Latest D.C. Area Arson Blaze Is Less Than A Block From Earlier Fatal Arson Blaze

WASHINGTON (AP) -- The Arson Task Force was investigating whether the Washington region's serial arsonist struck again Monday. Residents of the city's Brentwood neighborhood expressed concern that this blaze occurred less than one block away from the site of a fatal arson.

``I woke up and saw bright light, and I looked out the window and the house was on fire,'' said James Thomas, 29, a resident of the small wood-framed Northeast Washington home.

Thomas tried unsuccessfully to douse the flames with a garden hose, before returning inside to help his elderly grandmother and an uncle escape. Minnie Mae Hodges, 75, is a stroke victim, and her 47 year-old son is recovering from hip surgery.

``My nephew's the hero, he got my mother and brother out, they would have had a hard time had he not been home,'' said Franklin Hagans, 56, another member of the family.

Hagans arrived at the house as investigators from the Bureau of Alcohol, Tobacco, Firearms and Explosives searched the yard of the damaged home for evidence in the case.

``There appears to be similarities to previous fires so as soon as the fire department got the call, they notified the Arson Task Force,'' said Mike Campbell, a special agent with the bureau's Washington Field Division. While the task force is involved, Campbell said this case was not immediately added to the list of 39 fires and one attempted arson in the District of Columbia and its Virginia and Maryland suburbs. Those 40 other incidents have occurred since March 8, 2003.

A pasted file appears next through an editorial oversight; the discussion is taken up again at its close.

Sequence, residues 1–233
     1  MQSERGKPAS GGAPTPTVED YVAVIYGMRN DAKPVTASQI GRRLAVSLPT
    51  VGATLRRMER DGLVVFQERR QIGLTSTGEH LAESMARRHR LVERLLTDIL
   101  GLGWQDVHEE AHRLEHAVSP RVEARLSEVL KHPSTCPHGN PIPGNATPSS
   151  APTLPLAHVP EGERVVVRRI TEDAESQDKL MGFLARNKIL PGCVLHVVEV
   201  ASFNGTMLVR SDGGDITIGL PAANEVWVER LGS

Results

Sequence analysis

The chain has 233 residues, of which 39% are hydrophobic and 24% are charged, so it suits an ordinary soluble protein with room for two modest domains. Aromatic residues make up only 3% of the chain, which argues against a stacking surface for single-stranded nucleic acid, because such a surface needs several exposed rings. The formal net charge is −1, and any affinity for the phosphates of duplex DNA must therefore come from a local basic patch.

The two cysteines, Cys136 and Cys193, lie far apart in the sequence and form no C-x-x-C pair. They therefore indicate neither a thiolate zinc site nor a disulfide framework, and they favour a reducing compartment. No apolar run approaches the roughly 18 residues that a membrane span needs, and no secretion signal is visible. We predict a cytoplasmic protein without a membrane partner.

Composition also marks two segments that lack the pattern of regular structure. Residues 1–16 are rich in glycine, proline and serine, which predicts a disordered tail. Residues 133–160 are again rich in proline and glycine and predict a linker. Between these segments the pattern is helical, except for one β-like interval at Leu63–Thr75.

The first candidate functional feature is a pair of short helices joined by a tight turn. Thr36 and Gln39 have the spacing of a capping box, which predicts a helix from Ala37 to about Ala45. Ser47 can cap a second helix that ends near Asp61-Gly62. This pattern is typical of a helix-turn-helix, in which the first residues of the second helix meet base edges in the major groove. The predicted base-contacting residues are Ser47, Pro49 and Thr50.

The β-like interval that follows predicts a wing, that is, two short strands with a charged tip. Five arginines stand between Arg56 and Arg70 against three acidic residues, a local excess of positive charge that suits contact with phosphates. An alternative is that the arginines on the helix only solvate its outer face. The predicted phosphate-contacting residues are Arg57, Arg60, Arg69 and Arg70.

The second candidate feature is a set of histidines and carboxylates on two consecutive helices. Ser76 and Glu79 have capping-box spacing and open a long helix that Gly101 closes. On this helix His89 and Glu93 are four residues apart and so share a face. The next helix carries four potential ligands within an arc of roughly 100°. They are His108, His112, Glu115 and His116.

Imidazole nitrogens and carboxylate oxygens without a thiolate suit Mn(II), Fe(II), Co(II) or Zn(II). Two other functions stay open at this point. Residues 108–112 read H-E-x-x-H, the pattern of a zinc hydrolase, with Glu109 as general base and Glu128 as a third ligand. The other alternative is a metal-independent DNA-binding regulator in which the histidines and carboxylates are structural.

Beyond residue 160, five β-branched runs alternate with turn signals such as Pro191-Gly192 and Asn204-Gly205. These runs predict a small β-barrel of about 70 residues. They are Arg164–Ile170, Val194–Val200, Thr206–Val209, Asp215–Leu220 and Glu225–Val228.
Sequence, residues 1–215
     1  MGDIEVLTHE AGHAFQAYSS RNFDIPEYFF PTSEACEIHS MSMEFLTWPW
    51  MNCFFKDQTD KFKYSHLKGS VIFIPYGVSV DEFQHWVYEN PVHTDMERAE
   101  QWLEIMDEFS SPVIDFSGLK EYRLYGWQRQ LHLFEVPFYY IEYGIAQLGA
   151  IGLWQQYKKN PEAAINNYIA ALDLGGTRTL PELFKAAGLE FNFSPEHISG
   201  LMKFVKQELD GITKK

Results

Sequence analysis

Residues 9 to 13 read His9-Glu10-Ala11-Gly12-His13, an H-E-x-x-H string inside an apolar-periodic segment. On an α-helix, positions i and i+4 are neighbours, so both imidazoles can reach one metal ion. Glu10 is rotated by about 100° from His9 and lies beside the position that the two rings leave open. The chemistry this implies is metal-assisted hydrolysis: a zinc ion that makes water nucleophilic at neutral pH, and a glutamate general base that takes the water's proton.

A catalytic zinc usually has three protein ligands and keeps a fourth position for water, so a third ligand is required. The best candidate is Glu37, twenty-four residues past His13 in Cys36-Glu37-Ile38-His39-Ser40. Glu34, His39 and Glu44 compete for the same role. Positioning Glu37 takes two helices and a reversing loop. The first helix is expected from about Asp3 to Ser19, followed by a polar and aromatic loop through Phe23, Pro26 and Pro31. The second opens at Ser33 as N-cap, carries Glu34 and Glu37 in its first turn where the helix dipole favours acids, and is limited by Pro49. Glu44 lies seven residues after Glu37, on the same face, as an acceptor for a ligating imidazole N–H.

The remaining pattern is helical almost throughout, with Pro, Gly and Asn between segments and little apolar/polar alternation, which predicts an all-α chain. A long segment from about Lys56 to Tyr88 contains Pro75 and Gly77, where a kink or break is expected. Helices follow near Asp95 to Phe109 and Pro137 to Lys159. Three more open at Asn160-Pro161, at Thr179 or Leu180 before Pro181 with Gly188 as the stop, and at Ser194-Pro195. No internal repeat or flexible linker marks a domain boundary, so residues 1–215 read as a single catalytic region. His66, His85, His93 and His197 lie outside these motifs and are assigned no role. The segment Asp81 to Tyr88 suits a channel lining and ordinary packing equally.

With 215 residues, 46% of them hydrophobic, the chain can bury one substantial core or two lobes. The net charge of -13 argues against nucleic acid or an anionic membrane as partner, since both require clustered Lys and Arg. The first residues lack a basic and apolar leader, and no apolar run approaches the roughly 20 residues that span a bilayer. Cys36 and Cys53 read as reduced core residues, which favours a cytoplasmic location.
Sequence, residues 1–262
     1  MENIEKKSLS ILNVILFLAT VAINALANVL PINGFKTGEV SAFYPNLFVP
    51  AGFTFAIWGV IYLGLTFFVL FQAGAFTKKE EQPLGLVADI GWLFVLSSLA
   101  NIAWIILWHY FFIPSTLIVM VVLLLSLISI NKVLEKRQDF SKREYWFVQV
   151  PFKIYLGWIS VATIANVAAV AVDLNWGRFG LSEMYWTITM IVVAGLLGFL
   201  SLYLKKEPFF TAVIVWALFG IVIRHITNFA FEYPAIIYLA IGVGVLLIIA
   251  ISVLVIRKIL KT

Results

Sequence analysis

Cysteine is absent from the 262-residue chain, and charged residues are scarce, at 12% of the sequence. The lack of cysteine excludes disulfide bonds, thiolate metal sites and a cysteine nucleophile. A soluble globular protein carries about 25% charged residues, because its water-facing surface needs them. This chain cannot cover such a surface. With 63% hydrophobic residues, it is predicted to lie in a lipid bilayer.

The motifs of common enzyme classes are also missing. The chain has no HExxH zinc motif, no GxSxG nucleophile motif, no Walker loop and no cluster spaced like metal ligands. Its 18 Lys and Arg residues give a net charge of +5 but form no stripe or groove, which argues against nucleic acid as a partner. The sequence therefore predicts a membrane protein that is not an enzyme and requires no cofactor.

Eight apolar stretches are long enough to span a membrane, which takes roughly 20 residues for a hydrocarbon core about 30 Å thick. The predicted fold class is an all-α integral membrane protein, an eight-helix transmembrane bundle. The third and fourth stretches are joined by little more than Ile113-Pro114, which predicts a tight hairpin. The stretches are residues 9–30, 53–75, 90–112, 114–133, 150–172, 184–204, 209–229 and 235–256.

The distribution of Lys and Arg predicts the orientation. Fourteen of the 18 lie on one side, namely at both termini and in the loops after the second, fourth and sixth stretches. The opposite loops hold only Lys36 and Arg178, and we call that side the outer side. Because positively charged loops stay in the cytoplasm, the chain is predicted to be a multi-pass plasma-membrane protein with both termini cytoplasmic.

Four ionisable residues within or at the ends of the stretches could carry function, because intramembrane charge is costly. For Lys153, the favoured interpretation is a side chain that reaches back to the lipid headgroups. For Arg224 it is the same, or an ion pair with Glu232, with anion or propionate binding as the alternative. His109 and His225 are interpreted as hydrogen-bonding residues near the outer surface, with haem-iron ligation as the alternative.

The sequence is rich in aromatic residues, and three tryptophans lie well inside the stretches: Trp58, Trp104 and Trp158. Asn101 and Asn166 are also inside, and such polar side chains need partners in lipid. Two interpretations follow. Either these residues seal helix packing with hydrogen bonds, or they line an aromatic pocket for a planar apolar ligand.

In many of the cases, an accelerant was spread outside of the home during late night or early morning hours. On Monday, a flammable liquid had been thrown on siding at the rear of the Hodges home around 5 a.m. Family members said they saw a partially melted plastic container on the porch of the house, but it had been removed by investigators.

``My mom would never have left anything like that on the porch, she liked to keep the area clear,'' said Frederick Hodges, 44. Damage was limited to the exterior wall and a small portion of the roof.

Materials collected by the investigators were expected to be tested at the ATF's forensic laboratory in Rockville, Md.

The latest blaze occurred not far from the home where a June 5, 2003, fire killed Lou Edna Jones, 86. Her home remains boarded up, and small keepsakes have been left in the yard in her memory.

``They need to catch this guy, he's dangerous. What kind of person does this to old people?'' Frederick Hodges said.